Blog

What Are The Differences Between Value Chain Management and Supply Chain Management?

Posted by Dave Kravitt

value chain vs supply chainQuite often, the terms value chain management and supply chain management are used interchangeably. While they overlap and are ultimately complementary, they are in fact two separate yet critical terms that impact your organizational success.

Value chain management (VCM) and supply chain management (SCM) are both related to the processes involved in getting goods from initial conception, purchasing all necessary raw materials and subassemblies and through all steps of manufacturing and ultimately, shipped, delivered or otherwise sold to consumers.

But, both VCM and SCM view these processes from unique perspectives, and with different objectives.

To best help you understand these important terms and how they impact your business, let’s examine value chain management and supply chain management and their differences.

Value Chain Management

The concept of a “value chain” was first introduced by Michael Porter in his book, Competitive Advantage: Creating and Sustaining Superior Performance, back in 1985. It includes the components or steps that are required from start to finish for a business to make a product or supply a service. Value chain management, then, is the process of monitoring or managing all the steps needed to achieve those end goals. Those include:

  1. Procurement
  2. Production
  3. Quality Control
  4. Distribution

Effective VCM includes taking steps to examine these components and identify opportunities to make them more efficient and ultimately, more cost effective. To achieve this goal in a global economy, that often means outsourcing some steps to trusted vendors.

VCM requires careful examination of each potential vendor and comparison to other alternatives, in order to determine where to get the best possible value. Ultimately, it is an examination of how to measure vendors and process alternatives based on the value they can provide.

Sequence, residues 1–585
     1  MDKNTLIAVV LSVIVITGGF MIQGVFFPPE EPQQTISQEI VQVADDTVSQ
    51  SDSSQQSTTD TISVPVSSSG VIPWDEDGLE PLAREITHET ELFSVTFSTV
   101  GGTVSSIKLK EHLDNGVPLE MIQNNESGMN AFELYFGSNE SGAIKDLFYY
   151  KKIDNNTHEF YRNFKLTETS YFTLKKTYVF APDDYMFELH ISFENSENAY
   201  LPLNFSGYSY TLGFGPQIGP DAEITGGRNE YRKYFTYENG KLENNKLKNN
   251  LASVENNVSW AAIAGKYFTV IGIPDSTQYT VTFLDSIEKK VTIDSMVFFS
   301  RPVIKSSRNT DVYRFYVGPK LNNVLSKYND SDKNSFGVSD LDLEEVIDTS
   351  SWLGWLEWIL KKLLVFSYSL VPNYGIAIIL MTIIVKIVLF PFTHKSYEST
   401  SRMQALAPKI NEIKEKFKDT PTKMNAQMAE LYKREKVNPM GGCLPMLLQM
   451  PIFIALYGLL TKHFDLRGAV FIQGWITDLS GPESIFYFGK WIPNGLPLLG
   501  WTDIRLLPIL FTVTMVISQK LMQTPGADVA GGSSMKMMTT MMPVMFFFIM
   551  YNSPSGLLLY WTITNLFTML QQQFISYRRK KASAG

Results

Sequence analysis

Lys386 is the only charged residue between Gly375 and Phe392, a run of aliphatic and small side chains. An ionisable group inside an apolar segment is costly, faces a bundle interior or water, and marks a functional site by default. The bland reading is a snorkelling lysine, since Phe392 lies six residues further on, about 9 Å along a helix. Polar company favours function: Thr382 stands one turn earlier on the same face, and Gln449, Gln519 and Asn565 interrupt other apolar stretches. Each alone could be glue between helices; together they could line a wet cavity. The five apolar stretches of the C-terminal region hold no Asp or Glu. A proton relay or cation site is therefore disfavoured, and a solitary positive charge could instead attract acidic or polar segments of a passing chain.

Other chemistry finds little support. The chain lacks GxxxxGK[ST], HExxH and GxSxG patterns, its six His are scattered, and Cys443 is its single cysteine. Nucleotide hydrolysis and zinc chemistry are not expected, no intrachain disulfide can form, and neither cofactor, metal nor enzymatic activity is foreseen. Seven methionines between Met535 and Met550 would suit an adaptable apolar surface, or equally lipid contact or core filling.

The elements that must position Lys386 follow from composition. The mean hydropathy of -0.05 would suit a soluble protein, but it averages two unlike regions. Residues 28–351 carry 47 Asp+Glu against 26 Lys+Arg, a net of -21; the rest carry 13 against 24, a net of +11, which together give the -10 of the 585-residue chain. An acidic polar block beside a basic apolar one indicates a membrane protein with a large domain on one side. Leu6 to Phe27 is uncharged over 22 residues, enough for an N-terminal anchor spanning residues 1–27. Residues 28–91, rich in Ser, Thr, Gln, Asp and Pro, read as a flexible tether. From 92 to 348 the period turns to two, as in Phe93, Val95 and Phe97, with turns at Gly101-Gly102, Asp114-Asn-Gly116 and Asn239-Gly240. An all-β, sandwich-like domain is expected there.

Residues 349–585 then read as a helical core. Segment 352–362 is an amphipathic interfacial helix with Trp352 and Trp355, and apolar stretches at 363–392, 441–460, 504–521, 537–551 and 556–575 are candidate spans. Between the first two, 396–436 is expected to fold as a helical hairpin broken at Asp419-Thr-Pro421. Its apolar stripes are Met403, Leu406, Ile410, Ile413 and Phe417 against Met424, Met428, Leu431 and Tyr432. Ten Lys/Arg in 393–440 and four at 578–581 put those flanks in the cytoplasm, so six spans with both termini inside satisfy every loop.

Would a potential vendor make sense to provide essential raw materials? Would another vendor be better logistically to process those raw materials? Would a better option be a third vendor who could deliver finished intermediates?  Or would it be more efficient for my organization to procure and process those materials itself? With VCM, these questions need to be asked for every step in the ultimate creation and delivery of the finished goods and the value that each participant provides is used to determine the best path to the finished goods.

These are the types of questions frequently asked throughout the course of value chain management.

Supply Chain Management (SCM)

Supply chain management exists to manage the flow of products from suppliers to the end user – consumers. A litany of processes takes place along the supply chain, which must be effectively controlled for the company to deliver goods to consumers while remaining profitable and competitive.

There are five (5) main components of supply chain management:

  1. Creating and designing a product to meet consumer demand
  2. Sourcing the materials needed to produce the products
  3. Manufacturing the product
  4. Delivering the product to consumers
  5. Accepting and processing returns of defective products

Supply chain management often focuses on cost of materials and efficient transport or delivery to mitigate cost. When done effectively, it reduces costs for the consumer while increasing profits for the manufacturer.

The Differences Between VCM and SCM

The primary difference between value chain management and supply chain management is that SCM is the management of all parties involved in fulfilling a customer request. VCM is a set of interrelated activities performed by chain participants a company uses to create a competitive advantage.

While both ultimately end with the consumer receiving their goods, VCM focuses on how the organization will be competitive and profitable while doing so, while SCM focuses on how to efficiently and effectively meet customer needs.

Both have similar goals: making customers happy with your products while operating efficiently, but take slightly different (but complementary) paths to get there.

Now what? How do I leverage VCM and SCM to grow my business?

PSGi helps organizations operate more efficiently to manage the value chain and the supply chain. Through our Business Process Review, we’ll complete a thorough review of your value chain management and supply chain management processes, and how your software not only captures these processes but is able to measure and determine optimal choices. We’ll help you identify areas of improvement and make recommendations to streamline operations to run more efficiently and profitably. Contact us to learn more.

 

New call-to-action

Tags: Supply Chain Optimization, Value Chain Management